In SoCal the winter is citrus season - lemon trees, lime trees, mandarin trees, etc are all heavy with ripe fruit. I bet a lot of this backyard goodness just goes to waste. At this time of year, even though I try, the ground under my key lime tree is covered with rotting limes.
|7 lbs of key limes from my yard.|
|Simple - limes, basil, sugar.|
|Cut and sugared up over night.|
|Boiled in the morning.|
Syrups are an easy way to preserve this goodness for later - like in the summer when a ripe lime is hard to come by on my tree. It has gotten better over the year as both my key lime tree and Meyer lemon tree seem to have some fruit all year. Must be a sign of maturity.
Too start of I picked 7 pounds of ripe key limes. Many people get confused by this but key limes do turn yellow when they are very ripe and juicy. Yes, ripe key limes look like dwarf lemons - so get over it.
What I'm going after is a syrup that I can use for drinks and in cooking. I want to retain the flavor, zestyness and even some of the bitterness of the whole lime. So, I will use the whole lime - skin and all. If you want a milder syrup, juice the limes and only use a few whole ones or if you are totally opposed to the refreshing bitterness - juice all the limes and only add the peel of a few, making sure you have as little of the white pith as possible. Always remember that all recipes are just suggestions that are open to interpretation - own the preserves you make.
These are my ingredients:
I cut up all the fruit and took out the seeds because you don't want all that pectin in your syrup. For the Key limes it was enough to cut them in half and poke the seeds out with the knife. The lemon and oranges needed to be sliced in 3 so that I could get to all the seeds. I did this over the pot I was going to use for the boiling so as not to loose any of the juice. Don't worry if a few seeds fall in - no biggy.
Once the fruit and basil are in the pot I poured in the sugar and mixed it all up. The sugar will pull the juices and oils out so I let it sit on the stove over night.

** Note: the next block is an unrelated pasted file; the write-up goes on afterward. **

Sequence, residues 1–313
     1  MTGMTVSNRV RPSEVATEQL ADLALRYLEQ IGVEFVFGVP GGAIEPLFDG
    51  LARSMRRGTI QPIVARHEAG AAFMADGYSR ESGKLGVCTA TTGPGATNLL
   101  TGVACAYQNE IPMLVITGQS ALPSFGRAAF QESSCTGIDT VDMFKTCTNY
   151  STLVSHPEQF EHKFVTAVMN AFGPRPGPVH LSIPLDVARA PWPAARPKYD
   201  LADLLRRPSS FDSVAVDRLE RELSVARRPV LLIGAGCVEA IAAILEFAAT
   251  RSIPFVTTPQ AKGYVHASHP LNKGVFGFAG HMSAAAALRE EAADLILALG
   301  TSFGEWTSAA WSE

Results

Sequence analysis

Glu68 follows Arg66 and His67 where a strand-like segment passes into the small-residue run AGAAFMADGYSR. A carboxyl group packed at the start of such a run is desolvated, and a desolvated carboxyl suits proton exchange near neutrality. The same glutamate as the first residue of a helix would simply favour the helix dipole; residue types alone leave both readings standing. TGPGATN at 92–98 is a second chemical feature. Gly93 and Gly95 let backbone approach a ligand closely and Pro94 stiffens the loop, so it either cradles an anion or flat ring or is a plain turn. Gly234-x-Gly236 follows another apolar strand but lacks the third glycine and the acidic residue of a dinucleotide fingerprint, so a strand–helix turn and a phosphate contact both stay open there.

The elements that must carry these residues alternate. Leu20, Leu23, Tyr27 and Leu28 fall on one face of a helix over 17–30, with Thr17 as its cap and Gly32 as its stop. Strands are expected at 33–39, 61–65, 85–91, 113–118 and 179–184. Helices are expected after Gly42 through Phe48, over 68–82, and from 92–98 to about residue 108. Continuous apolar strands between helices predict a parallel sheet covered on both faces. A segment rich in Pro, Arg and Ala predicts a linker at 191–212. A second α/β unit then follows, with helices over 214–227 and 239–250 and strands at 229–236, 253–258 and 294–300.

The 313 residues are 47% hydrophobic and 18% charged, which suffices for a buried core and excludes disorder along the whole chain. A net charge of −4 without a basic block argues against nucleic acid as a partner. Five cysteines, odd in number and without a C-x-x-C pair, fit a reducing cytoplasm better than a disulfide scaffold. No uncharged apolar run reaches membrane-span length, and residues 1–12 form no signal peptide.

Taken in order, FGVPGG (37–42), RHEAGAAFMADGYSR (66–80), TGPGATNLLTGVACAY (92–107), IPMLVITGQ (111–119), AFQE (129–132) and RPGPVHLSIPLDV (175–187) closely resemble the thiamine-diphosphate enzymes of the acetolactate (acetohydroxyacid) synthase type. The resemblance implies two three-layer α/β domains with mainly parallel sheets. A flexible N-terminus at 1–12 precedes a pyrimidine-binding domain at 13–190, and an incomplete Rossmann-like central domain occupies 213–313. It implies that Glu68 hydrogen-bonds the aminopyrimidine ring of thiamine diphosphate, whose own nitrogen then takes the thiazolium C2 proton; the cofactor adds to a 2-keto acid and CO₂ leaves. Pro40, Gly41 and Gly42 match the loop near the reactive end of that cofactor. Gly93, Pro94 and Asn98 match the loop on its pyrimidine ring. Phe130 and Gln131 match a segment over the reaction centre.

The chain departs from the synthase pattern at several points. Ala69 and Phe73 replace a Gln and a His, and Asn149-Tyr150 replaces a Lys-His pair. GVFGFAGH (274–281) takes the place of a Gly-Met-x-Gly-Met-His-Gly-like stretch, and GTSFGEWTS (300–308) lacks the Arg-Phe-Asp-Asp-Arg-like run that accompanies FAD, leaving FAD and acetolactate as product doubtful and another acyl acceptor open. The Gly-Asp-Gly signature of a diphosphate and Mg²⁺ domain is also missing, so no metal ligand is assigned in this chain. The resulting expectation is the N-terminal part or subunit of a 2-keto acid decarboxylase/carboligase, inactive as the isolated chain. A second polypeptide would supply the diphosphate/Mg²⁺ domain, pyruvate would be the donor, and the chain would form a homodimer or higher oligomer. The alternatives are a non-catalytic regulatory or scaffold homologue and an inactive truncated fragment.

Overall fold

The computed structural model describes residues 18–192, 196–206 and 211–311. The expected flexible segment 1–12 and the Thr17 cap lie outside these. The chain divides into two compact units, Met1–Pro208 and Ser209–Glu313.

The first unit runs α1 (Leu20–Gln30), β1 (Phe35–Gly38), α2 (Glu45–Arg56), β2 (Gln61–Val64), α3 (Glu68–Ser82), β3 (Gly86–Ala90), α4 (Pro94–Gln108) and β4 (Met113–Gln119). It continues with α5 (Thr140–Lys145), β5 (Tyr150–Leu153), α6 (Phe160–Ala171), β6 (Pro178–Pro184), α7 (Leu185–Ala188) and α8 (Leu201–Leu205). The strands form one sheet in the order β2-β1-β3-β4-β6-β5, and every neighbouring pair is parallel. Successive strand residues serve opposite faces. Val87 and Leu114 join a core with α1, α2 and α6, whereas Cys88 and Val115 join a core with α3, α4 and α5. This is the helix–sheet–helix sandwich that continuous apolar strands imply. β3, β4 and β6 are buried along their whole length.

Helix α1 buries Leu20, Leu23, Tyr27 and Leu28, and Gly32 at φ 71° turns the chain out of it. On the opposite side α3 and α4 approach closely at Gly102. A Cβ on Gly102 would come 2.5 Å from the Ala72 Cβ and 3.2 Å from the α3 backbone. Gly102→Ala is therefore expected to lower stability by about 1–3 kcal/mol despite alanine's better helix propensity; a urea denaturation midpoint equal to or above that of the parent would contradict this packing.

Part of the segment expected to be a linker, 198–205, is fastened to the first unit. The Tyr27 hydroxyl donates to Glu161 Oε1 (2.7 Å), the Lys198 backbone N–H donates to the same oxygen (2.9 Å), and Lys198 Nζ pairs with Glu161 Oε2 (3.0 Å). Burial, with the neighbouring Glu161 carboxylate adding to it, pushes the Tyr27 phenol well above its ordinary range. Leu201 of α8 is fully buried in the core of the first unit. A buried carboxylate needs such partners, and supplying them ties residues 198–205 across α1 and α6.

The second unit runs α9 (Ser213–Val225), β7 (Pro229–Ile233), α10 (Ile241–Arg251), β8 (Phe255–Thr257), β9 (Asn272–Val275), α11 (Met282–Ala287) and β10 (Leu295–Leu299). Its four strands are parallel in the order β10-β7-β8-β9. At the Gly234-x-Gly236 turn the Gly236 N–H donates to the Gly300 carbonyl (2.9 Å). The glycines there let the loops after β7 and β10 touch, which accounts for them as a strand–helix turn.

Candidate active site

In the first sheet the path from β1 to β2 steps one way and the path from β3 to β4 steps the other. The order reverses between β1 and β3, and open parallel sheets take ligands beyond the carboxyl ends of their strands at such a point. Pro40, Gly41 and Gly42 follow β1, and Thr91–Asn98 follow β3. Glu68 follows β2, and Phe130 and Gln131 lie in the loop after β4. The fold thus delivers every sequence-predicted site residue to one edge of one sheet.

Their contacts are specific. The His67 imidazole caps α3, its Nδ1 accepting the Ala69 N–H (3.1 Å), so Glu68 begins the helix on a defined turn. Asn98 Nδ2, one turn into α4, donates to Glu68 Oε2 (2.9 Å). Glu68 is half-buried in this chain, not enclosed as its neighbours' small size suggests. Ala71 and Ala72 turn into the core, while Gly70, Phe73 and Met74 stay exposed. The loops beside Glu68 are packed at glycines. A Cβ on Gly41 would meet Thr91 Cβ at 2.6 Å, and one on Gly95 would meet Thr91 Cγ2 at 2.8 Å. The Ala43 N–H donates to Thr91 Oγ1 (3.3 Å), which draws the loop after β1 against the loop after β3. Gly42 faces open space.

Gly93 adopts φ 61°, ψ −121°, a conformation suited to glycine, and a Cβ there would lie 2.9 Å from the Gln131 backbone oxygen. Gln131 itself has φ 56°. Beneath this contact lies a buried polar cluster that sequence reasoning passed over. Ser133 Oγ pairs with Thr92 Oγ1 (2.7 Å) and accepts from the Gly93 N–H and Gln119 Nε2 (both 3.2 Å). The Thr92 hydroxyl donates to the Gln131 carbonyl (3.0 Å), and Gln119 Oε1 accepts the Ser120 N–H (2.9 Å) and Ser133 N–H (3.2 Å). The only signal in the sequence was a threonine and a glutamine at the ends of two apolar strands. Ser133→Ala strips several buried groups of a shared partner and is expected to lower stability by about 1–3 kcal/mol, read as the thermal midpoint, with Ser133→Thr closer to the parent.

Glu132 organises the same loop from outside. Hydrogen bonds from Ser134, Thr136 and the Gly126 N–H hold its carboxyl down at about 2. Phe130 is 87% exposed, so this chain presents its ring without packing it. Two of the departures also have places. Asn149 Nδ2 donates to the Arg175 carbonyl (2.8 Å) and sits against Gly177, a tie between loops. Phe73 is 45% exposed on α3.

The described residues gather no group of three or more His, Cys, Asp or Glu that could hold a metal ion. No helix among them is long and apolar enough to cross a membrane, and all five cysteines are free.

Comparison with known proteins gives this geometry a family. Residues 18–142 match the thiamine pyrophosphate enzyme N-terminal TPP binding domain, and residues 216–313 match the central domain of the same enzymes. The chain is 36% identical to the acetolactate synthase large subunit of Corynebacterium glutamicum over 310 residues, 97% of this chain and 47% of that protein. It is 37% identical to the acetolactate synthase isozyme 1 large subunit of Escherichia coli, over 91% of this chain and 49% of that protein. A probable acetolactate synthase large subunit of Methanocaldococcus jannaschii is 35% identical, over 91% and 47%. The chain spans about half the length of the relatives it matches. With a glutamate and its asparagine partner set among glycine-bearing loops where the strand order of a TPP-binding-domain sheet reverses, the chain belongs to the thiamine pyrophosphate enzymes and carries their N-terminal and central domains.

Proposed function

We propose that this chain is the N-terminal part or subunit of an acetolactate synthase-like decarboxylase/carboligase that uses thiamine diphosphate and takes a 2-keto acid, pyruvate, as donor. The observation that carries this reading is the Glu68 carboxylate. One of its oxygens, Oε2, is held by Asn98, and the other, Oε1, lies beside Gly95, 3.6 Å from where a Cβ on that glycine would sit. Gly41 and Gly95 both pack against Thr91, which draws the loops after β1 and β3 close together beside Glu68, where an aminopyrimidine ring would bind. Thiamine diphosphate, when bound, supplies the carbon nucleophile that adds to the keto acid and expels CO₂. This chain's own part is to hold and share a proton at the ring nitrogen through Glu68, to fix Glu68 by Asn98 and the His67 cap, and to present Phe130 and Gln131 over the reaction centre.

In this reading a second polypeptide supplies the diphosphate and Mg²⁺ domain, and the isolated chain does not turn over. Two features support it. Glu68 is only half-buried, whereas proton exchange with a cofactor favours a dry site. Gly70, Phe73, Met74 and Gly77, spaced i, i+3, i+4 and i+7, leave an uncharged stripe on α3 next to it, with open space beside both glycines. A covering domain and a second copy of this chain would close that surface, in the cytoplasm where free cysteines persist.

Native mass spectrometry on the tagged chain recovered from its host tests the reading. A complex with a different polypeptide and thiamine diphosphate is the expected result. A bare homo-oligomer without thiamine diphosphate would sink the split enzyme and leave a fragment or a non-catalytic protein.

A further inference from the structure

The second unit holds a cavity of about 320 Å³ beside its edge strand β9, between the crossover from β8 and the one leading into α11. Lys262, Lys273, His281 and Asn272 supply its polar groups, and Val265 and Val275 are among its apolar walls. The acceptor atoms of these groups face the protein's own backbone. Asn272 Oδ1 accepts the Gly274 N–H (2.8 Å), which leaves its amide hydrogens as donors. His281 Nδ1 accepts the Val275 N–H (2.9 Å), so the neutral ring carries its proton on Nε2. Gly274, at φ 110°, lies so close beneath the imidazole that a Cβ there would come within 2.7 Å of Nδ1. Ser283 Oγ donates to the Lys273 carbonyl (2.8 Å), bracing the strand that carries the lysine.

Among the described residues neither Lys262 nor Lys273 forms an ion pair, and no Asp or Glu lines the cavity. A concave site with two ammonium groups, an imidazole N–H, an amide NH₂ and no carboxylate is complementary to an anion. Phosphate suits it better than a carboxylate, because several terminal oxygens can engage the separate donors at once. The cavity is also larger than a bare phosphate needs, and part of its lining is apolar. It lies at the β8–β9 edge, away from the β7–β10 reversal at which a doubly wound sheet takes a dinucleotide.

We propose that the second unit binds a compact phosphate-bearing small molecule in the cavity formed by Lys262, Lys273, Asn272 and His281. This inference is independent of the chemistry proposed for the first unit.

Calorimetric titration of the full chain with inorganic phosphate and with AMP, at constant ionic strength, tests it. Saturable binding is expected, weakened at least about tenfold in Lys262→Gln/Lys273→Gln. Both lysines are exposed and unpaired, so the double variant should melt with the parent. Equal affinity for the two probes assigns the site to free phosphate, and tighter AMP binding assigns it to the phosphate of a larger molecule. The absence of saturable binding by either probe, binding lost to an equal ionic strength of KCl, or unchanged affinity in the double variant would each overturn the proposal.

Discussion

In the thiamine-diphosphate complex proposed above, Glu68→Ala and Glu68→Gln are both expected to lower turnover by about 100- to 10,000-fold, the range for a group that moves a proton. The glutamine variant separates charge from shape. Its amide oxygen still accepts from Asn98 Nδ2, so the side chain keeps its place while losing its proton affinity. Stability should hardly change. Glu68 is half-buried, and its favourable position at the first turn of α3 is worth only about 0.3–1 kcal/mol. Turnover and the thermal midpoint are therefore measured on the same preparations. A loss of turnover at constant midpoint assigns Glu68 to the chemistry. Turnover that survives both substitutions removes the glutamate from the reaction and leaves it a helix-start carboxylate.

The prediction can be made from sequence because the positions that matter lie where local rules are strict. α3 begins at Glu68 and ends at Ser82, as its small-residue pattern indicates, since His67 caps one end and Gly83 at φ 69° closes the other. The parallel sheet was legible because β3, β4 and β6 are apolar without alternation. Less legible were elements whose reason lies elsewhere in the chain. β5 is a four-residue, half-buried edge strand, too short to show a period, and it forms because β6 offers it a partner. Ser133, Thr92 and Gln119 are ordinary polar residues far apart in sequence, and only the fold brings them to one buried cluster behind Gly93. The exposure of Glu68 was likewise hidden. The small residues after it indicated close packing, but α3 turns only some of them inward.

In the morning I muddled the citrus to get some more of the juice out and brought the whole mixture to a slow boil, mixing all the time with a wooden spoon. After all the sugar had devolved I gave it another 5 minutes at a slow boil. While still hot I strained the mixture and bottled it. Made about 3 liters of very lovely and tasty lime syrup.
It's very sweet with a distinct lime taste, zesty zing and a slightly bitter finish - not unlike Dundee Orange Marmalade. A teaspoon of this stuff, in a tall glass, some muddled mint and seltzer make for a very refreshing, summer drink. If it's happy hour, and you know it's always happy hour someplace in the world, add a shot or two of Nalewka style Blue Flower gin - very satisfying way to unwind.
|Bottled and ready for storage.||Key lime syrup, muddled mint amd seltzer.||Add a few shots of Blue Flower gin - now we're talking.|
It seems like everybody in America is advocating keeping almost everything, "after opening", refrigerated. I'm old enough to remember life before refrigeration - that was back in Poland. You made syrup, pickles, jams, etc so that food would keep because you didn't have refrigeration. Doesn't mean it won't spoil from time to time but my experience has been that real syrups should be fine without refrigeration. I've had a bottle opened for 2 months now and it's fine. Remember, it's not like I'm advocating eating spoiled foods but... use common sense and remember that humanity survived without all of today's modern conveniences for a long time.